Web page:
Jessie Chaffee's An Oasis, An Abyss: Florence in Ecstasyby Darley Stewart
Florence in Ecstasy
(The Unnamed Press, 2017)
Florence in Ecstasy is about more than the search for self. It can’t be pigeon-holed into that tradition, any more than it can be considered an extension of literary inventions of Florence. It isn’t a novel that has tried to write, or has deliberately written, Florence. While it’s clear that the author has kept her studied eye upon the details that make Florence what it is, both at its intoxicating veneer and well beneath it into the disturbing harder edges of its culture, the city lives through the character, Hannah. I suppose you could say that it re-imagines how to write the American abroad.
But is that to do justice to Hannah?
Hannah is someone who would have struggled anywhere. And the American abroad is simplified—“Hannah of Boston”—whereas Hannah’s experience is labrynthine. Perhaps it’s perverse of me to think this, but the entire novel could have taken place in her apartment—and it would have been as riveting, claustrophobic, and mysterious. It’s written in first-person and present tense, yet the distortions of Hannah’s perceptions play a strange game with time, a game over which Chaffee has such authorial control that Hannah’s unraveling feels unpredictable to the reader (and, at least to this reader, a literary relief of sorts, due to the tension that builds). We’re reminded that it’s difficult to be alive. The most basic actions of a life—to eat, to consume, to sustain our bodies—become horrendously complicated, and even if you’ve never had an eating disorder, you’ll be immersed in its seductive logic. I don’t claim to fully understand its logic—I know just enough to say that it isn’t articulable.
Which brings us to the limitations of language—and I will claim that this is the heart of the novel—a wrestling with language, not purely the psychologized self, not women’s bodies, not young Americans loitering abroad, though it is all of that, in beautifully written spades, too.
Florence is there to make the pain vividly reflect off the page. Anyone who’s seen a Florentine cookbook will know how exquisite the food is, and surely it is easy to understand why people travel there solely with the purpose in mind to fall in love with the cuisine—pork, pecorino cheese, schiacciata, heavy, hand-rolled pasta, thick sauces with wild boar folded in—all manner of refined and rustic food with a history dating back to the Medicis.
It’s more than complicating to pose Florentine cuisine as the atmospheric backdrop for a character with an eating disorder—it’s torturous. I mean that quite literally—for Hannah, chewing into the thick cords of an oyster feels like torture. The local ingredients of Florentine cuisine are intensely aesthetic, but they show up disfigured through Hannah’s rituals. How much easier would it have been to write a novel with a narrator that indulges in Florence on every level—the art, the food, the men?
I’m so happy to have read a novel that doesn’t take the easy route and rewards us with rich language that makes us long to read it again to uncover further subtleties, as we do when we revisit a familiar, haunting work of art. Hannah, who has previously worked at an art museum in Boston, has a great deal of language at her disposal when she describes art, as when looking upon Giovanna degli Albizzi’s portrait:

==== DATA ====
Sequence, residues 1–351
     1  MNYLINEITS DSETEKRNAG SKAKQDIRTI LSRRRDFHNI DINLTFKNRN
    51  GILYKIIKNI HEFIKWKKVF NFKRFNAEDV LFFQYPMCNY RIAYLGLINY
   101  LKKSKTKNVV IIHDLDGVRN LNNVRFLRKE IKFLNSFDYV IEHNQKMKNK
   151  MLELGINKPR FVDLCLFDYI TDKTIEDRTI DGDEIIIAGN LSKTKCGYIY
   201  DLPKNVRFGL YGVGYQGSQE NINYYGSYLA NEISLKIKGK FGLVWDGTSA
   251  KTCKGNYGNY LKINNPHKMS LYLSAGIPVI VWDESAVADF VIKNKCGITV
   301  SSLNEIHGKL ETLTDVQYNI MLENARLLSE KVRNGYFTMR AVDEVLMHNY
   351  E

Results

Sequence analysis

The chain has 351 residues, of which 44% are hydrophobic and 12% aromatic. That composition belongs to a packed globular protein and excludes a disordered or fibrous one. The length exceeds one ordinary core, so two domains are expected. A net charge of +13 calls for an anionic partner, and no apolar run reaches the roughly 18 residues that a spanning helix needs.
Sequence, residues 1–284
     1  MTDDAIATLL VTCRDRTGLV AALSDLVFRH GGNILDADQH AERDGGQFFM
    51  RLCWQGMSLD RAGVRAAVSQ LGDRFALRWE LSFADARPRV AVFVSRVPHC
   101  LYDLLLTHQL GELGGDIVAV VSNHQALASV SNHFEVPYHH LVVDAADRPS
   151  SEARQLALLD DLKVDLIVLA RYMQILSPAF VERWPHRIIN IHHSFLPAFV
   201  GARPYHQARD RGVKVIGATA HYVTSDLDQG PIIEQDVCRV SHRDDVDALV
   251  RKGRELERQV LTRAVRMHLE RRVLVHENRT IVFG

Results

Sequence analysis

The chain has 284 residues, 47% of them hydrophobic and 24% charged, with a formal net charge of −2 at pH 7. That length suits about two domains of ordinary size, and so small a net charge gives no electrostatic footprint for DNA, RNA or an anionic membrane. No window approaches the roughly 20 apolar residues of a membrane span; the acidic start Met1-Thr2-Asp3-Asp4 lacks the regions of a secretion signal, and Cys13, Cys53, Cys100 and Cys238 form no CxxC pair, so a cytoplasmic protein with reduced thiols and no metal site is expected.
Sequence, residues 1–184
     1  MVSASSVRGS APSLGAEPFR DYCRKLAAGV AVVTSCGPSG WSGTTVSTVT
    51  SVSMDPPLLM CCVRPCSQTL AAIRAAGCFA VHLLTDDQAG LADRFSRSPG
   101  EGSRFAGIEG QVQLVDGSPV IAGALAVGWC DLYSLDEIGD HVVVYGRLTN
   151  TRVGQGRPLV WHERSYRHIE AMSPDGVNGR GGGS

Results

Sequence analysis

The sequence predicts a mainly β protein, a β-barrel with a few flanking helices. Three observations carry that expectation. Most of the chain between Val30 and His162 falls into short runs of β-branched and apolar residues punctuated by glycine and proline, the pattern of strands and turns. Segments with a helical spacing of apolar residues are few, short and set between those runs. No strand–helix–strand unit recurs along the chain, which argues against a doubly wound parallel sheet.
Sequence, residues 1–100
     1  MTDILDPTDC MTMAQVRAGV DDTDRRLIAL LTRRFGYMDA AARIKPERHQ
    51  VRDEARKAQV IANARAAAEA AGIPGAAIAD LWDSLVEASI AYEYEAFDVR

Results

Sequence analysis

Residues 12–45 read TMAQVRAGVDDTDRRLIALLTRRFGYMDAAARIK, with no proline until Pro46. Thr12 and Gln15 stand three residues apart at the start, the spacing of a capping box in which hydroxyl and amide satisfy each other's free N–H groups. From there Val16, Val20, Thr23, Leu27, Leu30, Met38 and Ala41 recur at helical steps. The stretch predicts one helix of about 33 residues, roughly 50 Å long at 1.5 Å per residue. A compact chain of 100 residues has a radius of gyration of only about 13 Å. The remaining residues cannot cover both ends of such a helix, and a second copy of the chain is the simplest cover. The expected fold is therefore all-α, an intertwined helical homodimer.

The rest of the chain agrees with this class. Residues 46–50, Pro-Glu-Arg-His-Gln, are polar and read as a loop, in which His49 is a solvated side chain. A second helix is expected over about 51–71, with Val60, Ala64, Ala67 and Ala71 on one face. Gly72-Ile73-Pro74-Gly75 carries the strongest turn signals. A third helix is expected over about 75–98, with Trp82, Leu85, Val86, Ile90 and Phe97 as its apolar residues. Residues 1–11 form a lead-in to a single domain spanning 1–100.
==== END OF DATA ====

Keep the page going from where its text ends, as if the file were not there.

She is in profile, her hair coiled along the back of her head, curls framing her face, her neck long and pale. But it’s her gown that sets her apart – doves and sunbursts swirling over a gold background, a brooch at her bust picking up the magenta of her cape.… I’m intrigued, but I still go back to the beautiful stone face of Giovanna, drawn in by the promise that seems to find its home in beauty (67).
Hannah’s language for the beauty of the place keeps us dreaming on, page to page.
Where Hannah’s language begins to drown and choke us is with the language of addiction. On the most basic level, Hannah struggles to assert herself with consistency. This is a problem of the language of refusal, often a difficulty for young women who are blessed and cursed with introverted sensitivities combined with contrarian toughness of the spirit. However, the limitations of language reach further—can she explain the volatility within her to the people closest to her? Her sister back home, her lover, her new boss?
The language of the saints provides a hypnotic cadence and an intricate philosophy of euphoric self-erasure in which Hannah can take shelter. She uses the language of the saints to find her old friend—an addictive relationship, anorexia and bulimia, purging, obsessive counting and documenting of her daily intake of food, and yes, this is her dearest friend who has been present with her from the beginning. Is there a wickedly coarse irony in Hannah battling her demons by researching the saints? No—it’s sincere, and the novel is better for it.
The answer to the problem of language is, as the novel suggests, compassion. Luca, Hannah’s lover, understands her war-torn body. He unlocks Florence for Hannah, though she is adept at exploring both its “green oases of cypresses” and negative space. She is able to tell him, towards the very end of the novel, in plain terms, that she hasn’t been able to eat for a while. Though her attempt at articulating her condition isn’t complete, it is more accurate and detailed than ever, and she courageously continues because she is with someone who doesn’t require her to hide and to lie. A language reserved for the interiority of a serious self-destructive condition is, then, a language that can be coaxed away from its corrosive edge in the presence of authentic love. It’s certainly a hypothesis worth fighting for.
DARLEY STEWART is a fiction writer and essayist based in Brooklyn's Bedford-Stuyvesant neighborhood. Her work has appeared in The Ocean State Review and Battersea Review.